You have stated that “one of your greatest joys is providing employment,” and in a country where cheap labor is generally considered to be widely available, you have been quoted several times as saying that “you don’t aspire to keep your employees poor. Why is that important to you and the success of your company?
If our employees make more money, the company makes more money. If you keep trying to underpay your workers, how can they do good work? If you are not responsive to your workers needs and do not look for ways to increase their productivity, the company loses out.
For example, I have a factory where I recently changed the entire management team because they were not sensitive to the worker’s needs. Traditionally, Hong Kong workers welcomed the opportunity for over-time pay. But today, because society is much more affluent, many women have joined the work-force because Hong Kong has a shortage of workers – not because they are interested in working overtime hours.
Instead, they want to go to the market, head home and cook dinner for their husbands. However, our management team did not respect the changing profile of our worker and just assumed that they were lazy.
There is nothing wrong if a worker feels they have enough income and instead wants to enjoy the time off so they can cook dinner for their family. So, we brought in a new management team and created two shifts for the workforce instead of one, which solved the problem.
You have often referred to your vertically integrated supply chain as one of the secrets to the Esquel Group’s success. How did this strategy begin and evolve over time?
We started off as just a sewing factory. We then expanded into making both woven and knit shirts. While
we were making knit shirts we realized that 70-80% of the success of a knit shirt is in the fabric. If you buy a knit shirt and it shrinks, that is a sign of a lousy shirt, not due to the sewing, but due to the quality of the fabric. So we got into the knit fabric business. Next, our traditional supplier of woven fabric was going out of business. We didn’t want to switch to a lower quality supplier or be dependent on the highly expensive suppliers in Italy – so we went into the woven fabric business.
As we became more quality conscious, we decided that we had to control the yarn quality as well because defects in the fabric were caused not in the weaving process, but as the result of a breakage in the yarn during the spinning process. So we went into the yarn business.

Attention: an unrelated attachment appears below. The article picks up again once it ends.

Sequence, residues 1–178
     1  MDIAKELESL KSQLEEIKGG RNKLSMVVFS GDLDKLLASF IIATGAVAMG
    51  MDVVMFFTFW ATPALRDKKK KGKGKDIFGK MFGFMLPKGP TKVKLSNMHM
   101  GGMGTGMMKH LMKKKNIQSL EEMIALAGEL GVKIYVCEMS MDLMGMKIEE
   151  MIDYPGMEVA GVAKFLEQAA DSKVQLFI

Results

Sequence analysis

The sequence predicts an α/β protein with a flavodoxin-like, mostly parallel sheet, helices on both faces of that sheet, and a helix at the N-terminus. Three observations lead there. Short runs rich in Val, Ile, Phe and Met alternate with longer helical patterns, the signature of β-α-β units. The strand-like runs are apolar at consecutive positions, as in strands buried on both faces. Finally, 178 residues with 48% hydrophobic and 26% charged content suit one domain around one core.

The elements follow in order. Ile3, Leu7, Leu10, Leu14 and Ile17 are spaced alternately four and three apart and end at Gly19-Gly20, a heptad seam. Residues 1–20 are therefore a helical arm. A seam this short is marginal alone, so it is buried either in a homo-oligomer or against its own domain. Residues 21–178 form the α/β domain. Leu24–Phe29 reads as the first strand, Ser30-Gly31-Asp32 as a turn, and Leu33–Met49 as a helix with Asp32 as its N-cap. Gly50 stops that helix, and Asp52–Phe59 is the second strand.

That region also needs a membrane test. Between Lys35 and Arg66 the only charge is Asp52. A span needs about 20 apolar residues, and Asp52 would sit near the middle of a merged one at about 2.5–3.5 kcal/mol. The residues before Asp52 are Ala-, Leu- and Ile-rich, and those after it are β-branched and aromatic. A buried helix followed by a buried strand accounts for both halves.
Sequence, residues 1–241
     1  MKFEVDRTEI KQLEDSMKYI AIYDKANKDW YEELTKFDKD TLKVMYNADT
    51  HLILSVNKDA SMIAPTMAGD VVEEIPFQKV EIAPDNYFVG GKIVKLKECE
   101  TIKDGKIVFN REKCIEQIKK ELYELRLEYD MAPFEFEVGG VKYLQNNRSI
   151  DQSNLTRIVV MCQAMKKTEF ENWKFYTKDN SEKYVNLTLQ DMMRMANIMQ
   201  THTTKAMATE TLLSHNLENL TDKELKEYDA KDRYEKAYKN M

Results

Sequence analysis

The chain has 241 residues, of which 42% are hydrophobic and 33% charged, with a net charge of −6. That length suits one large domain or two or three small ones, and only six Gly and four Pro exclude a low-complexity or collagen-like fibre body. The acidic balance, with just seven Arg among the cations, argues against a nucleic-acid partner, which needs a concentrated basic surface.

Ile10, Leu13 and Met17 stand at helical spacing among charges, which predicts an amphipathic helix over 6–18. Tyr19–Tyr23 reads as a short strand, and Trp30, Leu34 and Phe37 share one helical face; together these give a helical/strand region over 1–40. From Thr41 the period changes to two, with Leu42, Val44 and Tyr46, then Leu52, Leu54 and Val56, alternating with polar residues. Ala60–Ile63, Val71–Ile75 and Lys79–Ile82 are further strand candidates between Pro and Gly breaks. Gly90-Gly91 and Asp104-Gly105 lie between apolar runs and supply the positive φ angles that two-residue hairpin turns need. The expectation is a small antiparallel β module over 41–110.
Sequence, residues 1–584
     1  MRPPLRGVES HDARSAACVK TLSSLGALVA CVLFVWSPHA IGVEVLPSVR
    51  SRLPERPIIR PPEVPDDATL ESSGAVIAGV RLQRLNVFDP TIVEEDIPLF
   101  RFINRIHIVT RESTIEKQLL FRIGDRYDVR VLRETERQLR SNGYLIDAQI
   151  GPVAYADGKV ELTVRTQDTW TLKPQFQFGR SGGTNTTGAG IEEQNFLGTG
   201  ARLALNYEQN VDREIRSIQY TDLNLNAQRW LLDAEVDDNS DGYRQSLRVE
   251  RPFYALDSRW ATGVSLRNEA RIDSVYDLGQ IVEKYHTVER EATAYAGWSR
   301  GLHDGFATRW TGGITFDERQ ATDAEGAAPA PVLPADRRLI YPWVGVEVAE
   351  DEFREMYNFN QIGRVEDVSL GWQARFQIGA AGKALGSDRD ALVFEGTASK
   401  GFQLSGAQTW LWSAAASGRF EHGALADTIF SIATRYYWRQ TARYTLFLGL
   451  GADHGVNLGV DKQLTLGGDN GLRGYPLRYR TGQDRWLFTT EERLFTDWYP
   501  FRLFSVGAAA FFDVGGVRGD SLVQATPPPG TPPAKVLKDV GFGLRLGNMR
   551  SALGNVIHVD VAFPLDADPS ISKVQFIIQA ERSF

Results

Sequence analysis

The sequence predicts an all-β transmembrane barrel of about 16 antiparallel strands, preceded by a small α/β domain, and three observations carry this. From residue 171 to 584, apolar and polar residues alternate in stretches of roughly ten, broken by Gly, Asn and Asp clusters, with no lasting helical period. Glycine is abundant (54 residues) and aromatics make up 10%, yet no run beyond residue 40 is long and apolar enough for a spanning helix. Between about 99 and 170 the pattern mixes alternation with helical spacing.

Thus, our vertically integrated strategy was principally driven by our focus on quality. If we could find a vendor that met our quality requirements we stay out and outsource instead. But often, our commitment to quality has driven us down the supply chain and into new businesses.
In 1999, you took on the additional commitment of building modern, high-capacity wastewater treatment plants near your manufacturing centers in China. Why did you make this decision and how do you believe your customers and others benefit from it?
I once walked past a fishpond next to one of our operations and noticed there were dead fish in the pond. When I pointed this out, the response I got was “Oh yeah.” As if it wasn’t a big deal!
I gradually managed to convince enough people that we were not going to go around polluting like this. We then centralized all of our operations that might create a discharge and made a major investment in a wastewater treatment plant that we built next to our operations.
We are highly committed to sustainable development and have sponsored several conferences to promote the cause. We have, however, found it to be very frustrating to sponsor a big conference and then realize we are preaching to the converted. We need to find instead the people we have yet to convince.
Thus, we are now focused on educating the children because we believe they will have the greatest influence on their parents. If a parent hears a message promoting sustainable development directly from their child, they are much more likely to recognize that their efforts will help preserve our natural resources for their children to enjoy and benefit from in the future.
This has to happen in our generation. The longer this drags on, the more damage there will be, particularly here in China. It will be a lot easier if we can get control of this now, rather than to need to correct it later, which will be a very expensive proposition.
What is your advice to current HBS students graduating in the Class of 2003, on how they can pursue valuable careers that can also have a positive impact on their communities?
Times are tough. Look out, however, for the different opportunities that emerge during tough times. When times are good, everybody becomes an investment banker or a consultant. They make a lot of money but they may not be having as much fun. If I had not left investment banking and gone back to Hong Kong, I do not believe I would have had the experience I am having today of making a clear, sustainable difference. Today, if I do the right thing, I can benefit all of my 47,000 employees, and that’s a wonderful thing. Of course, I can also do the wrong thing, and adversely impact the same number of people.
Too often we measure our performance simply by looking at our salary as a reflection of our value to the organization. It should instead be your impact on other people and the total good you create that should be your take-home. Many problems that are happening in traditional industries are problems that can be solved. There are better solutions that MBAs can bring to the table that will have a tremendous impact on others, and that will make them feel great. Going out and doing something that makes you feel good is ultimately what each of us should strive for in life.